Having a hearing loss should not prevent a person from participating in sports and activities with his or her hearing peers. Here are a few tips and tricks to help make your or your child’s athletic experience fun!
Time Out! I Didn’t Hear You is a book available in its entirety as an online PDF. The book includes an introduction to hearing loss, various devices, assistive technology, and communication strategies. Some of this information, which was written in 1996, is outdated, but basic information and diagrams about hearing loss provide a simple introduction for coaches or PE teachers. The introductory chapters also include information on the legal rights of athletes with hearing loss (or any other disability) to participate with their typical peers to the fullest extent possible. Chapter Five of the book is a Communication Needs Assessment, which helps parents, teachers, coaches, and athletes predict communication needs at various points of the activity (try-outs, practice, games, tournaments, etc.) and troubleshoot solutions to problems before they occur. The book also includes sports-specific suggestions for everything from archery to wrestling, interviews with athletes and coaches who have hearing loss, and a resource directory of sporting organizations for people with hearing loss (though this contact information may be outdated due to the age of this publication).
Water sports present a particular challenge for athletes who listen and talk and use devices like hearing aids, cochlear implants, or Bahas, but this challenge does NOT mean that full participation in these sports is impossible. Some athletes choose to use waterproofing methods and continue to wear their cochlear implants in the water. Many cochlear implant brands now offer either a waterproof processor or accessories that can make the processors ready to go for water sports. Other hearing technology users who do not have waterproof options rely on lipreading, instructions written on dry-erase boards, or visual signaling devices (strobe lights, flags, etc.) to communicate in the water. When teaching small children with hearing loss to swim, pre-instruction is key. Discussing and practicing techniques on dry land, when the children have their “ears” on, and establishing expectations and rules for safety in the water, can help to head off any problems once their listening devices are removed in the pool.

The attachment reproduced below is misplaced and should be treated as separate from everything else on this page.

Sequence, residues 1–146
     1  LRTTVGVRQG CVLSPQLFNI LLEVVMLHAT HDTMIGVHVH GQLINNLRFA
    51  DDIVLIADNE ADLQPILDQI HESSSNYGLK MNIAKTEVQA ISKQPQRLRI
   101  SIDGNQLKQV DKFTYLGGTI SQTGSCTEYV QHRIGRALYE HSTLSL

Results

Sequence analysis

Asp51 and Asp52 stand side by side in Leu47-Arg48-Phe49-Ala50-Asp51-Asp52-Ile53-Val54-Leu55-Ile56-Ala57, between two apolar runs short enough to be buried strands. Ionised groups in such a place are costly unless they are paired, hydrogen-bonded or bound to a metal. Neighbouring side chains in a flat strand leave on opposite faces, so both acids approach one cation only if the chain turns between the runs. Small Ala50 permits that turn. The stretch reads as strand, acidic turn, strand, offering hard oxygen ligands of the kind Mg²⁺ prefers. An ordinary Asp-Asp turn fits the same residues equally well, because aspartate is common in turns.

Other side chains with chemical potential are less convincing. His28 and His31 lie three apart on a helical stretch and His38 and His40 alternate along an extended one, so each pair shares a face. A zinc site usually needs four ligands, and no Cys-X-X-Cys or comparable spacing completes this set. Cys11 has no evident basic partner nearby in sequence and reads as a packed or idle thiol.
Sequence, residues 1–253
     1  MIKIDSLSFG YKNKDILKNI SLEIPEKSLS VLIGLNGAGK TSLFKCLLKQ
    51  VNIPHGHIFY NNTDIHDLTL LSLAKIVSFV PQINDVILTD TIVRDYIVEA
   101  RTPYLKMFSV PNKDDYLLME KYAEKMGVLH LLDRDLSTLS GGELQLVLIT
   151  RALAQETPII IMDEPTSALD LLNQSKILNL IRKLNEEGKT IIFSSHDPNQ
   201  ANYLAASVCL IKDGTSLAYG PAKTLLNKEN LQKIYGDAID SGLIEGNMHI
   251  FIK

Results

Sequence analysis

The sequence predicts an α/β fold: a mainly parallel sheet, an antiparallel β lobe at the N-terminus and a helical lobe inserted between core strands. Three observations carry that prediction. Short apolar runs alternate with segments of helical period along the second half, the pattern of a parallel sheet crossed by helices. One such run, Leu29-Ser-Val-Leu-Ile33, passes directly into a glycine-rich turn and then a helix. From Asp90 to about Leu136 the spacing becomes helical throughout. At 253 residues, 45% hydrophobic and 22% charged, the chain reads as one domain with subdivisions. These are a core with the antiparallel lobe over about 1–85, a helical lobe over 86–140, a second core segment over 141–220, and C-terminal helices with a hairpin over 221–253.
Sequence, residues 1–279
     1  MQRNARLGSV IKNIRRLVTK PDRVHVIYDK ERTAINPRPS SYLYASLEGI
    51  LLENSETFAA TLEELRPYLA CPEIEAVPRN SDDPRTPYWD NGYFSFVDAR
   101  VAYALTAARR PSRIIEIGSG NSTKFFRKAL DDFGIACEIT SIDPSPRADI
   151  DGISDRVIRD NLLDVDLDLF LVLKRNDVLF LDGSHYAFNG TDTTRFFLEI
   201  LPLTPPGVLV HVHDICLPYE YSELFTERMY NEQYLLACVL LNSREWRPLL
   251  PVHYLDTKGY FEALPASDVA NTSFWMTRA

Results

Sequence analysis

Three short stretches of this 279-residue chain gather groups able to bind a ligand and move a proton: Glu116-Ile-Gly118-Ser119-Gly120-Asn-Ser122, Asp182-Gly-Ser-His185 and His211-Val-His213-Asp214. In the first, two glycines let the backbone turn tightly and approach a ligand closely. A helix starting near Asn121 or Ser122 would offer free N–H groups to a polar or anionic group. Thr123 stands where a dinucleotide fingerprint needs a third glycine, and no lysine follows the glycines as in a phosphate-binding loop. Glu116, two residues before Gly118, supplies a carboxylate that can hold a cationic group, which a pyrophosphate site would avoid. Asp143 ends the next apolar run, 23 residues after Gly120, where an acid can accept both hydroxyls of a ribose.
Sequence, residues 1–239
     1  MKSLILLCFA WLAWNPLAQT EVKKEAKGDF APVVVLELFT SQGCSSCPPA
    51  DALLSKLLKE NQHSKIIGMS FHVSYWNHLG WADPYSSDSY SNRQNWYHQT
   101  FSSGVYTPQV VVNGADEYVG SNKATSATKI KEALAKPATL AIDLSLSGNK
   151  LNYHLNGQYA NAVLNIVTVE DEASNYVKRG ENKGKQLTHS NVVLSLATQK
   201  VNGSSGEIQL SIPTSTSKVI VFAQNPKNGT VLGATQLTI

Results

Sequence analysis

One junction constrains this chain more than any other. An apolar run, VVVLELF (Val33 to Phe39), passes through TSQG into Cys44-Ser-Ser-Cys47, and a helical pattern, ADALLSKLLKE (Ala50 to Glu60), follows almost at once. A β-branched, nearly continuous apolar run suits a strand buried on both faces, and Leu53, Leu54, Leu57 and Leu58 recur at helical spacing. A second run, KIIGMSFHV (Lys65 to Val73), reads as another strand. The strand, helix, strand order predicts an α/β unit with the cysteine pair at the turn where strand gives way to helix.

Athletes must take care to protect their hearing devices from moisture and perspiration during and after sports and exercise. A regular sweatband worn between the head and the hearing instrument can help serve as a barrier to protect hearing aids or cochlear implants from moisture. With added elastic loops, the sweatband can do double duty and serve as a retention device as well. Other solutions to prevent moisture fit around the hearing device itself, and include Hearing Aid Sweat Bands, Super Seals, and Ear Gear. Regular use of a desiccant system, like a Dri Aid kit, Dry N Store device, or, in a pinch, an airtight container of uncooked rice (a natural desiccant) after exercise can help remove any moisture that may have entered the device during your workout.
Keeping hearing devices from flying off during vigorous activity is also a concern. Ear Gear and Oto Clip systems can be used to attach hearing aids or cochlear implants to clothing. Mic Locks or earmolds attached to the earhook can help hold cochlear implant processors more securely on the ear. For Baha softband users, retention is usually not an issue, but for those with implanted Baha systems, some users find that attaching the processor to the abutment with a loop of fishing wire provides a discreet solution with an added measure of security. Bandanas, Nammu hats, Buff Bands, or nylon skull caps/do-rags can help hold equipment on the head on their own, and are also especially helpful for keeping hearing aids, cochlear implants, or Bahas from shifting around under helmets or other protective headgear.
Exercise equipment can pose issues of static for cochlear implant users. The risk of damage to cochlear implant programs by static shocks can be reduced by following a few simple static precautions. In particularly static-prone situations, like using a treadmill, jumping on a trampoline, or flipping into a foam pit for gymnastics, some cochlear implant users may choose to remove their external equipment.
Most people with hearing loss should be able to participate in athletic activities with few, if any, restrictions. Some people with hearing loss due to Enlarged Vestibular Aqueduct Syndrome may choose to avoid contact sports due to the risk of losing additional hearing, and some cochlear implant surgeons suggest that implantees avoid contact sports. As always, all such decisions should be discussed with your/your child’s physician before participation in any sport or athletic activity. When SCUBA diving, cochlear implant recipients should contact their implant’s manufacturer for specifics on the depth and pressure to which their implant is safe to be submerged.